Tuesday, August 25, 2009

Manipulating Social Media: A Losing Proposition

Several days ago TechCrunch featured a rather embarrassing article alleging deceptive practices by a reputable public relations firm. Andy Sernovitz, word of mouth marketing ethics expert, also analyzed the situation, albeit assuming guilt based on the article from TechCrunch.

Although I will not name the company involved nor comment on the validity of the claims, I will discuss my feelings on the bigger picture.

As companies rush to enter the social space, the temptation to use old media techniques will be great. It seems to follow that if the success of a product is influenced by the number of positive reviews on a particular website, increasing the number of positive reviews will result in greater sales.

Sounds familiar doesn't it?

Neat, clean, methodical, and formulaic. It's an old-school media/public relations attempt at quantifying ROI in a new and uncertain era for advertising. I won't even touch the ethical issues involved - individuals like Andy Sernovitz are better able to articulate those points.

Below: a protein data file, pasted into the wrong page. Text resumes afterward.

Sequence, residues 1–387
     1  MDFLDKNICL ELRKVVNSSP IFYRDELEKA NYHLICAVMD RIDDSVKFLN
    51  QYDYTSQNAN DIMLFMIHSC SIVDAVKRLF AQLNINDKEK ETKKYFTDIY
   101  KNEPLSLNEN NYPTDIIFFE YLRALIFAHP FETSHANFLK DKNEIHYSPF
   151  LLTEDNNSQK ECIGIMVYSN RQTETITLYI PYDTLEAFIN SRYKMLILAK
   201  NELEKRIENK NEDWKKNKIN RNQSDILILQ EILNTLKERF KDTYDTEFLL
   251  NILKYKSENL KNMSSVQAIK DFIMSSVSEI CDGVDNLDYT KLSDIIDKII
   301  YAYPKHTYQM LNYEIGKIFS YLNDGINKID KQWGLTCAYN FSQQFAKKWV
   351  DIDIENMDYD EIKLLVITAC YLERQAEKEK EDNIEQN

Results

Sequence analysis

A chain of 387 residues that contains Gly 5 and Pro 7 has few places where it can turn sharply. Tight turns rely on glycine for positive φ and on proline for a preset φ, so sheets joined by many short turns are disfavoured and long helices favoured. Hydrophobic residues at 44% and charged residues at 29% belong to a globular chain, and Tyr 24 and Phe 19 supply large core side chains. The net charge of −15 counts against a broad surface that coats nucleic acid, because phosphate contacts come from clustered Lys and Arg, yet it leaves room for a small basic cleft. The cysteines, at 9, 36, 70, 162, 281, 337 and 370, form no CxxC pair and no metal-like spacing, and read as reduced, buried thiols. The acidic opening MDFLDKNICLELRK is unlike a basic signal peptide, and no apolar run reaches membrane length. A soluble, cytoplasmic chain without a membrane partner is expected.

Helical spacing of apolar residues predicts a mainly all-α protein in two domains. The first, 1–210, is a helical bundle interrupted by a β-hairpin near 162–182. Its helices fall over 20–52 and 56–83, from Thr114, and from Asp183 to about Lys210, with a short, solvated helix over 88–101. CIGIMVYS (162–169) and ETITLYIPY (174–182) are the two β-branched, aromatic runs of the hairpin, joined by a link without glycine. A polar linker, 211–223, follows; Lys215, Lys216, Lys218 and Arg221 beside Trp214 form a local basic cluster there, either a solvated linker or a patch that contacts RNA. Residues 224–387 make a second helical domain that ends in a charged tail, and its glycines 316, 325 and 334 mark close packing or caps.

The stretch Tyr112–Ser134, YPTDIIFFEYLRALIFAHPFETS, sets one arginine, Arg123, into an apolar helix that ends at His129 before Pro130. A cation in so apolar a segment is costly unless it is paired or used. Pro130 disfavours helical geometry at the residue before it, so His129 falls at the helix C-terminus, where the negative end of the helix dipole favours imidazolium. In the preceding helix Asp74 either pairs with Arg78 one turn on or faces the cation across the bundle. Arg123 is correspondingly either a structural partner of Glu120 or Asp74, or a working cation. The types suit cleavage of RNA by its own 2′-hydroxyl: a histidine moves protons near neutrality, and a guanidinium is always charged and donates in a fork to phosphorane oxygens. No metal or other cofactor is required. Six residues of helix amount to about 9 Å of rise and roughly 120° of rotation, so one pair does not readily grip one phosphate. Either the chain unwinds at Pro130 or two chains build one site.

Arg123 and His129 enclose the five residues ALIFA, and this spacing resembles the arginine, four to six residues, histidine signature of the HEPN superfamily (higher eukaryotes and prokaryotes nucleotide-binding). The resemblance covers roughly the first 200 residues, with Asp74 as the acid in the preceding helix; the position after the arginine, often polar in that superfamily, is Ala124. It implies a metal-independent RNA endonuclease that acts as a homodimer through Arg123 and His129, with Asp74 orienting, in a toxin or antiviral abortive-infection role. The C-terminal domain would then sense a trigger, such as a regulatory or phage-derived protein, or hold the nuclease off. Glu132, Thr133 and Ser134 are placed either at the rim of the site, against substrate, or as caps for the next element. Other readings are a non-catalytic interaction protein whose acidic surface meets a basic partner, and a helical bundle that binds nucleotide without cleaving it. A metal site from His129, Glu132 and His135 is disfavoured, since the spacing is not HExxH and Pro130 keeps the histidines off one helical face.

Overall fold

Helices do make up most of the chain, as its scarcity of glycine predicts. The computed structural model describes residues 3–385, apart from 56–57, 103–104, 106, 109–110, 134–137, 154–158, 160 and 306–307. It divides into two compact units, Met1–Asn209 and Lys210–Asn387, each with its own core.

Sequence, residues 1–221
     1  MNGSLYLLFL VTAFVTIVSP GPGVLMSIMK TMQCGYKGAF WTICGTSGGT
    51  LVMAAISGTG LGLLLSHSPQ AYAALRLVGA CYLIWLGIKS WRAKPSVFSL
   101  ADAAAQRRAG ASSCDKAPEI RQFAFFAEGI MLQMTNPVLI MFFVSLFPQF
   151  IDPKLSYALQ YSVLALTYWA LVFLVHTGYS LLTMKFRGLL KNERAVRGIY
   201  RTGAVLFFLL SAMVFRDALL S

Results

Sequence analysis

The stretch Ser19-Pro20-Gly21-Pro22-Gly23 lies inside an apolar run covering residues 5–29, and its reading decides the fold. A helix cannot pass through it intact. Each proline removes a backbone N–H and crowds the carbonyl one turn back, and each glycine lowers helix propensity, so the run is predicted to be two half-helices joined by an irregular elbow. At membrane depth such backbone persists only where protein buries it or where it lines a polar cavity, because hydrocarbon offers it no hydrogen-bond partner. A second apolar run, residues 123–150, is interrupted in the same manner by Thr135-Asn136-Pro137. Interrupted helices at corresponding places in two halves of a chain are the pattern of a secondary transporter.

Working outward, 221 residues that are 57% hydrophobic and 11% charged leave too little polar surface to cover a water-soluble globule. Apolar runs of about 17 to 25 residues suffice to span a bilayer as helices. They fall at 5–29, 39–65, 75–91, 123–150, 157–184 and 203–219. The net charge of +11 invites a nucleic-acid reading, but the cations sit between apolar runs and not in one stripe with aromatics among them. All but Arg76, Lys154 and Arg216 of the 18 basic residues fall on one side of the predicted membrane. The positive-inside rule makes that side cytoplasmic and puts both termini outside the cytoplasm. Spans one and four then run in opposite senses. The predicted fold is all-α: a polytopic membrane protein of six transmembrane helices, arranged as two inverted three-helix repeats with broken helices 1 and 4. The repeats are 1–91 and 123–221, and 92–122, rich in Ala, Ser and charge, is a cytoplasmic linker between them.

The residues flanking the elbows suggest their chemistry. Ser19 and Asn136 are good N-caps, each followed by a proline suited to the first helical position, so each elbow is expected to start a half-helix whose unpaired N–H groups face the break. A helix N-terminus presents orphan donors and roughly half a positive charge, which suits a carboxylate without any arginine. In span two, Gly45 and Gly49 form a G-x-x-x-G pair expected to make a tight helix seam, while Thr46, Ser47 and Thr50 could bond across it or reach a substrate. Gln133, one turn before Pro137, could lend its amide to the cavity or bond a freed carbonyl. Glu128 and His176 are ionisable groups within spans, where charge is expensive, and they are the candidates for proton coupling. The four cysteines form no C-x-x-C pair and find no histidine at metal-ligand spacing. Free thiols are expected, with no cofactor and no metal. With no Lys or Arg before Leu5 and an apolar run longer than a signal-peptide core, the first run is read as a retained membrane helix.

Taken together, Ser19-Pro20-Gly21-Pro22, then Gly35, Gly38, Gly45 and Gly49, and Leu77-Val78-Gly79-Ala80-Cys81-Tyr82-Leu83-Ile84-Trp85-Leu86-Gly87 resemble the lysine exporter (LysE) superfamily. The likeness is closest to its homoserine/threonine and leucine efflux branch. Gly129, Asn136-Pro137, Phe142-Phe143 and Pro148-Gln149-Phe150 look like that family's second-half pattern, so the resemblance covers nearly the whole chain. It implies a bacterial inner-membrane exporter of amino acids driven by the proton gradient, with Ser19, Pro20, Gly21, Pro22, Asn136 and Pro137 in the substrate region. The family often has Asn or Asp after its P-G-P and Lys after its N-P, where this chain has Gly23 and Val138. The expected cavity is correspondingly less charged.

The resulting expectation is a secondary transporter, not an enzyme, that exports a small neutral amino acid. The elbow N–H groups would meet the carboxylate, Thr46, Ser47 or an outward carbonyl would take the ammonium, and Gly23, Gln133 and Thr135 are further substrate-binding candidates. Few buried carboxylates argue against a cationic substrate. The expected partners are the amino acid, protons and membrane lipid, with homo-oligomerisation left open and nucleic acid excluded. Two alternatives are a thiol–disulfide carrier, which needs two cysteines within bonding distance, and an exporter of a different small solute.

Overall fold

Let's talk about money and media spending. Social technologies allow us to spend money on a rolling basis, but get more and more return from that spending as time goes on. Unlike traditional campaigns where media is purchased, used, and exhausted, social media allows you to create a living, breathing community around a brand that lasts (as long as the product or service is of quality and the company continues to care what consumers say).

My smartest clients understand that their brands are now in the hands of consumers. Those consumers can be won over one at a time using social technology. They refuse to be tricked, bartered with, or swindled into impulse buying. They feel very secure in the knowledge that buying something that has been vetted by their peers will result in satisfaction. When a company tries to manipulate the systems that vet these products and services (reviews) by injecting biased content it places itself in a very bad position.

Don't let your clients or your brand fall victim to the short term solution. There are no simple formulas to calculate the ROI of social media efforts. Each system is unique and must be carefully reviewed to quantify success. It isn't about cold hard numbers, its about relationships and people.

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